Davos Agenda

Ending the era of dirty textiles

A woman browses in Fast Retailing's Uniqlo casual clothing store in Tokyo January 10, 2013. Fast Retailing Co raised its annual profit forecast to a record high after sales rose at home outlets of the Japanese retailer's flagship Uniqlo casual clothing chain and price cuts and chilly autumn weather spurred a quarterly profit jump. REUTERS/Toru Hanai (JAPAN - Tags: BUSINESS FASHION) - GM1E91A17YH01

There is no credible recycling concept for the billions of tonnes of fast fashion items sold every year. Image: REUTERS/Toru Hanai

Stefan Doboczky
CEO, Lenzing Group
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This article is part of: Sustainable Development Impact Summit

Sustainability has gained a lot of traction in the textile industry over the last few years. Purchase decisions are no longer only made on the basis of fashion and comfort. Consumers are increasingly demanding more eco-friendly textiles.

However, it is difficult for them to make well-informed choices. What exactly should one do when it comes to the use of natural resources such as water and land, production methods, emissions and the overall impact on the environment?

Many consumers don’t even know what the garments they wear are made from. They are not aware that synthetic fibres comprise two-thirds of the global fibre market of approximately 100 million tonnes of virgin fibres used in textiles, hygienic and cosmetic products. Most of the fibres such as polyester and polyamide originate from crude oil. Parts of these “plastic” fibres washed out in households or industrial cleaners turn up as microplastics in the oceans and harm fish and human beings. A large portion of the used clothing ends up in landfills or is incinerated.

Most people don’t realize that naturally derived fibres of cellulosic origin (cotton, viscose, modal, lyocell) make up only slightly more than one-third of all new fibres produced every year. Cellulose comes from nature and is returned to nature due to its biodegradability, and thus does not aggravate the growing problem of marine litter.


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Textile industry has no credible recycling concept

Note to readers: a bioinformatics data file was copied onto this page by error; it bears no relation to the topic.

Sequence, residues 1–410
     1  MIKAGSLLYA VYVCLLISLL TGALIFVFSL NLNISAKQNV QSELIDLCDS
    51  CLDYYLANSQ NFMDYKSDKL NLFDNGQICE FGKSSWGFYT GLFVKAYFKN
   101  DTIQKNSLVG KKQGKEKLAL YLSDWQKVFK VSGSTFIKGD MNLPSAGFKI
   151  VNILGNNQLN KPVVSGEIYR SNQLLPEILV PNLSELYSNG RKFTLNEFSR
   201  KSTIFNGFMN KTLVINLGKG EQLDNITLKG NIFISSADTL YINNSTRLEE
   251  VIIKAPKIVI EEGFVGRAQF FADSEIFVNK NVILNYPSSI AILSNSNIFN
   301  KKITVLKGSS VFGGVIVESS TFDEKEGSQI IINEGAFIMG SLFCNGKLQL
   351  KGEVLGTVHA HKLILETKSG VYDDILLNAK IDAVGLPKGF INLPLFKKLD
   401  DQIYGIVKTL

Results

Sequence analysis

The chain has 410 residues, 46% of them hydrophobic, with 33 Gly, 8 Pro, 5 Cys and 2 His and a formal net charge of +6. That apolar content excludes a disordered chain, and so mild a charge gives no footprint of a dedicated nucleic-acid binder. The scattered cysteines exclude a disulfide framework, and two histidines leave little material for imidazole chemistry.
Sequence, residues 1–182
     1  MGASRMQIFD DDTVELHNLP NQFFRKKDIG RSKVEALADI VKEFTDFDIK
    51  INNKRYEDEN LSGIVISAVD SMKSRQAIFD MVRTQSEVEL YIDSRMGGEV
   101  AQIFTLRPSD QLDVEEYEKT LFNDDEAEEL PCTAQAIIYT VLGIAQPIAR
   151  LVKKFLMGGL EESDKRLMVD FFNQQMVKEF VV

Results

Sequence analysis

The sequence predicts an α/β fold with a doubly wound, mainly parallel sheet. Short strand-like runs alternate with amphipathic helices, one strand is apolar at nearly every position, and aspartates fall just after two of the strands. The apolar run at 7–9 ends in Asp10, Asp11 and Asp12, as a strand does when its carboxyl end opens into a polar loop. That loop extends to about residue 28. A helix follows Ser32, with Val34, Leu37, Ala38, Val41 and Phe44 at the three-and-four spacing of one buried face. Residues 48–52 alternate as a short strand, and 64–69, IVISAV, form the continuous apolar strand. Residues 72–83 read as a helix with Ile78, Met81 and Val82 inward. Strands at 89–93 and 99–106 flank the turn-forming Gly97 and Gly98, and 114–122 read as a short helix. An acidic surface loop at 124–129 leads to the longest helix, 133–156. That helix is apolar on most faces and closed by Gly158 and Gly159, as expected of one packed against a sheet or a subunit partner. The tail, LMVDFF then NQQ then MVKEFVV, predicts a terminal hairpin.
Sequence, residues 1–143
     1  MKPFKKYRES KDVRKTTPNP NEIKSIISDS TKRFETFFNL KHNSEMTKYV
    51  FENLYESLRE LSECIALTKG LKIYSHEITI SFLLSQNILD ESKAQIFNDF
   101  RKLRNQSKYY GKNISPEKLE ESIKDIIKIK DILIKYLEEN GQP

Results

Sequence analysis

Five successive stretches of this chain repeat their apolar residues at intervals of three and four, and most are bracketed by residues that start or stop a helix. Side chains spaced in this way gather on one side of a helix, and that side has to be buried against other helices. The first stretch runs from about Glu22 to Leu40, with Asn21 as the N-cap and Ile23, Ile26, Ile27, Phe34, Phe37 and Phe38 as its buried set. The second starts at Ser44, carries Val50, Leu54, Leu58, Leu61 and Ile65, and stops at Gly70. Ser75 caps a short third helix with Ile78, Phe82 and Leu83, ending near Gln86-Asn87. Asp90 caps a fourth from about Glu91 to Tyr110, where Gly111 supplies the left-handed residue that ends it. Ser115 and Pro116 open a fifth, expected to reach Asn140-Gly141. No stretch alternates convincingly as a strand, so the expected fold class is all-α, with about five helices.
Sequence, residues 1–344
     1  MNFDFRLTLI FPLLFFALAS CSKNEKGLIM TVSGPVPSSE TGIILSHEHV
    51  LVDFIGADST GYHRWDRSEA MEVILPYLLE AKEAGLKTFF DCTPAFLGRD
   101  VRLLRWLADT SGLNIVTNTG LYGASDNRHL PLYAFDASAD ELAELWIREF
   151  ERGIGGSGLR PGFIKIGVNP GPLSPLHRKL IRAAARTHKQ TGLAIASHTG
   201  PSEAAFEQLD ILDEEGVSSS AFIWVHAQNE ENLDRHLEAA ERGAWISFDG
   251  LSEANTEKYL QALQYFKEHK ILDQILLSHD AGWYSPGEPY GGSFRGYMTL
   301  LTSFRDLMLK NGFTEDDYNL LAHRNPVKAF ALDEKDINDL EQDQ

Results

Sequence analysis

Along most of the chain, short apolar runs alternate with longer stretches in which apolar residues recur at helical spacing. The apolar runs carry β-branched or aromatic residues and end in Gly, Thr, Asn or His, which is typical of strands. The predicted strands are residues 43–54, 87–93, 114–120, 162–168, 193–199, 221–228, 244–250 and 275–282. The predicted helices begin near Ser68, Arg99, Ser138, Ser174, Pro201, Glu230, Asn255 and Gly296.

In contrast to paper, aluminum or steel, there is no credible recycling concept for the billions of tonnes of fast fashion items sold every year, mainly from non-biodegradable fibres. Each year about 60 million tonnes of new fibres are used to make garments, and no plausible concept exists on what to do with them when they are no longer needed. As a result, three-quarters of these products are disposed in landfills or incineration plants.

The textile industry is a major source of greenhouse gas emissions due to its production technologies and transportation. Studies calculating the sector’s CO2 emissions were first published only recently.

The Ellen MacArthur Foundation put global textile industry emissions at 1.2 billion tonnes of CO2 equivalent per-year, close to the level of emissions from the automobile industry. Since the industry started taking its huge ecological footprint seriously, various initiatives emerged: one of these is the Fashion Industry Charter for Climate Action, signed by leading fashion brands, suppliers and other partners under the auspices of the UN's climate change initiative. Signatories, including the Lenzing Group, are committed to a 30% reduction in greenhouse gas emissions by the year 2030.

Consumers want brands to disclose origin of apparel offered

Consumers are demanding more detailed data about the origin of the clothes they wear, especially in Europe and the US. Eighty percent of consumers want brands to disclose how their supply chain operates, according to a 2018 survey by IPSOS MORI on European consumer attitudes to sustainability and supply chain transparency in the fashion industry.

Sustainability has also slowly begun to gain in importance in other parts of the world, especially Asia. This is important because 2018 was a milestone. For the first time in history, more than half of apparel and footwear sales were generated outside of Europe and North America. If we want to make the textile industry a greener one, we need to support sustainability, especially in emerging markets across Asia-Pacific, Latin America and other regions.

Traceability is key to educated purchase decisions

In light of all this, as important players in the textile industry, we are called upon to help consumers make educated purchase decisions. Traceability, whether enabled by tracers or using new digital technologies such as blockchain, is a very important aspect in the effort to create a more eco-friendly industry.

Blockchain enables consumers to identify sustainable clothes

The Lenzing Group, in cooperation with TextileGenesis, is one of the very first companies to offer digital traceability to customers and partners as well as consumers. Blockchain technology enables brands and consumers to identify sustainable wood-based fibres in finished garments or home textiles across each fibre-to-retail production and distribution step. The technology also allows consumers to verify garment composition and the underlying textile supply chain at the point of sale, simply by scanning the barcode with a mobile device.

Without true transparency it will be impossible for consumers to make well-informed and responsible decisions. And that is what is needed to accelerate the transformation to a fully sustainable textiles industry.


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